The feeding route after esophagectomy: a review of literature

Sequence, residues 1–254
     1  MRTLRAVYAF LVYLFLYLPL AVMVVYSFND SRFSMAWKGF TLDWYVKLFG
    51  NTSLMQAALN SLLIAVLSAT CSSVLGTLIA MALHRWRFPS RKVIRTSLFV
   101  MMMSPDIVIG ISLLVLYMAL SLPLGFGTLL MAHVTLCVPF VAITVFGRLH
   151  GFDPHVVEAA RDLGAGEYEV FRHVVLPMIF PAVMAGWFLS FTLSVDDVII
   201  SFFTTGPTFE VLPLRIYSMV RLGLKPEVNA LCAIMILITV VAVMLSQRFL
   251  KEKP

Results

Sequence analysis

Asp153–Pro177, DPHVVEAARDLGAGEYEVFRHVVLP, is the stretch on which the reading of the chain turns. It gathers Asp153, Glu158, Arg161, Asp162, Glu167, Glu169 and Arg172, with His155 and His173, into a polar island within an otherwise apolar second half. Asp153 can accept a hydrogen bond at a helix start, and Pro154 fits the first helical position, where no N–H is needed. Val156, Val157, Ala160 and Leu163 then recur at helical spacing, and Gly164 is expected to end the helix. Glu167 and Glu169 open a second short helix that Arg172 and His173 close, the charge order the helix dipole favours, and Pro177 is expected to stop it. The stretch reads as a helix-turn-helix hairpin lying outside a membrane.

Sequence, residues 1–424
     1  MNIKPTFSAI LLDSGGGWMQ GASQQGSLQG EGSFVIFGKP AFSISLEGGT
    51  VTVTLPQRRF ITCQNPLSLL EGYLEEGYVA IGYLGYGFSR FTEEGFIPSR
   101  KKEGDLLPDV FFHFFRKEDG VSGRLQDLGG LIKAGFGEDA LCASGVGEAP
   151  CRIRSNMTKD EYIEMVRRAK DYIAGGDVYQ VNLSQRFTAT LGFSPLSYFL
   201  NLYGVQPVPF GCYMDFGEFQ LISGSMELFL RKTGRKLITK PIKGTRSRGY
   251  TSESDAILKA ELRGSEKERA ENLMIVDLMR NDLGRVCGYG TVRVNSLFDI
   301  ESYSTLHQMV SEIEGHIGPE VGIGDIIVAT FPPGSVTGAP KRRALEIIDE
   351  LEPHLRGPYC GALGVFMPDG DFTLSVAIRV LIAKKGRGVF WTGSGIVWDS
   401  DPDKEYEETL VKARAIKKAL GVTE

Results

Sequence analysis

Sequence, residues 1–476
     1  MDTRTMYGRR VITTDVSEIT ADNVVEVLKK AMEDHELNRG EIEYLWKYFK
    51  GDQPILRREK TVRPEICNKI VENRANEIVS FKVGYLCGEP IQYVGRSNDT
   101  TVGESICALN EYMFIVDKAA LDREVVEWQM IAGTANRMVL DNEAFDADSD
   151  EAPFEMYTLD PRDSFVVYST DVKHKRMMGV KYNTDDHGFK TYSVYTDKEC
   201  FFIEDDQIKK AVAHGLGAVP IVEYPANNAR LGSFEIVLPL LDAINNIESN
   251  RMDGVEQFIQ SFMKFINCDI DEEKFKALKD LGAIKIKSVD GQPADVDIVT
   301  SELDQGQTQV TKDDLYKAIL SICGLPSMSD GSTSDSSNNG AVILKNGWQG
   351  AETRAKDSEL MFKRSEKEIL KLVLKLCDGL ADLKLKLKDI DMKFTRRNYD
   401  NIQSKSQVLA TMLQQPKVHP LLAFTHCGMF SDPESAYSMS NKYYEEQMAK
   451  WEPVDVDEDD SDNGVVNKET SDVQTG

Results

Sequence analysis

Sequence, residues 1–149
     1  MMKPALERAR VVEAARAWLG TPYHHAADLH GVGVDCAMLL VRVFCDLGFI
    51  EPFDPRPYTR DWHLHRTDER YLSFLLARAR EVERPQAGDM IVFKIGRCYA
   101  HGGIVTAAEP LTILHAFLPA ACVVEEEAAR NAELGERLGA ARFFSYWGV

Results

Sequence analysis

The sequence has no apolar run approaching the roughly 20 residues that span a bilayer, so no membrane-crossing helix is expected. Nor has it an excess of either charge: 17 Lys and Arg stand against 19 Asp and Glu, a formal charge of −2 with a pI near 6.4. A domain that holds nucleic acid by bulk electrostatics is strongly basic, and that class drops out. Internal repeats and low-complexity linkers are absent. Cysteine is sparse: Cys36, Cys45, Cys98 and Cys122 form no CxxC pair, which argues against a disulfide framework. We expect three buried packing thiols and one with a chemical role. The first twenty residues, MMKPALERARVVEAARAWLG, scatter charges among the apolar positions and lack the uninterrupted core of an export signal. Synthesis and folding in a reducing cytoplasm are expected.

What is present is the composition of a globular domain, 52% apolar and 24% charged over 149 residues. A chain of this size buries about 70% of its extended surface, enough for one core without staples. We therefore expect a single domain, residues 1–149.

Enhanced recovery programs effectively optimize perioperative care and reduce postoperative morbidity. In esophagectomy, several components of the ERAS program are successfully introduced. However, timing and type of postoperative feeding remain a matter of debate. Adequate nutritional support is essential in patients undergoing an esophagectomy. These patients often present with weight loss and their eating pattern is strongly altered by the procedure and reconstruction. Total parenteral nutrition (TPN) is associated with severe septic complications and enteral nutrition (EN) does not increase major complications. Therefore, early EN after esophagectomy is favored over TPN. However, with enteral feeding tubes minor complications occur frequently (13–38%) and in some cases this can hamper recovery. Based on experience in other types of upper gastro-intestinal surgery, early start of oral feeding could improve time to functional recovery after surgery. The total length of stay was significantly shorter in four prospective studies (6–12 vs. 8–13 days). However, large randomized controlled trials are lacking and the potential benefit of early oral feeding after esophageal surgery remains elusive. EN is nowadays the optimal feeding route after esophagectomy. TPN should only be used in specific cases in which EN is contraindicated. Early initiation of oral intake is promising and could improve postoperative recovery. However, further research is needed to substantiate these results.